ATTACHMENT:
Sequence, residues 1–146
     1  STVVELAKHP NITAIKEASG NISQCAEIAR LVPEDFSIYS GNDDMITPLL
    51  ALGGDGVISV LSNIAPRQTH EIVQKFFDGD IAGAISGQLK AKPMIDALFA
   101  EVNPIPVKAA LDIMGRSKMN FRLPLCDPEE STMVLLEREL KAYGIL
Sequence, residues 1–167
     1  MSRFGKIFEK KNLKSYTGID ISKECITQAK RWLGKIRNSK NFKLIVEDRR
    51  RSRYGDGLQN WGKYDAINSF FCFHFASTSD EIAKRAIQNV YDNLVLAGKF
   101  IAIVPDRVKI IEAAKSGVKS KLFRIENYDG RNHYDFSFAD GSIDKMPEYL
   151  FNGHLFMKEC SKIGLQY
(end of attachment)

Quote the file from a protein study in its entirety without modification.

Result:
Sequence, residues 1–146
     1  STVVELAKHP NITAIKEASG NISQCAEIAR LVPEDFSIYS GNDDMITPLL
    51  ALGGDGVISV LSNIAPRQTH EIVQKFFDGD IAGAISGQLK AKPMIDALFA
   101  EVNPIPVKAA LDIMGRSKMN FRLPLCDPEE STMVLLEREL KAYGIL
Sequence, residues 1–167
     1  MSRFGKIFEK KNLKSYTGID ISKECITQAK RWLGKIRNSK NFKLIVEDRR
    51  RSRYGDGLQN WGKYDAINSF FCFHFASTSD EIAKRAIQNV YDNLVLAGKF
   101  IAIVPDRVKI IEAAKSGVKS KLFRIENYDG RNHYDFSFAD GSIDKMPEYL
   151  FNGHLFMKEC SKIGLQY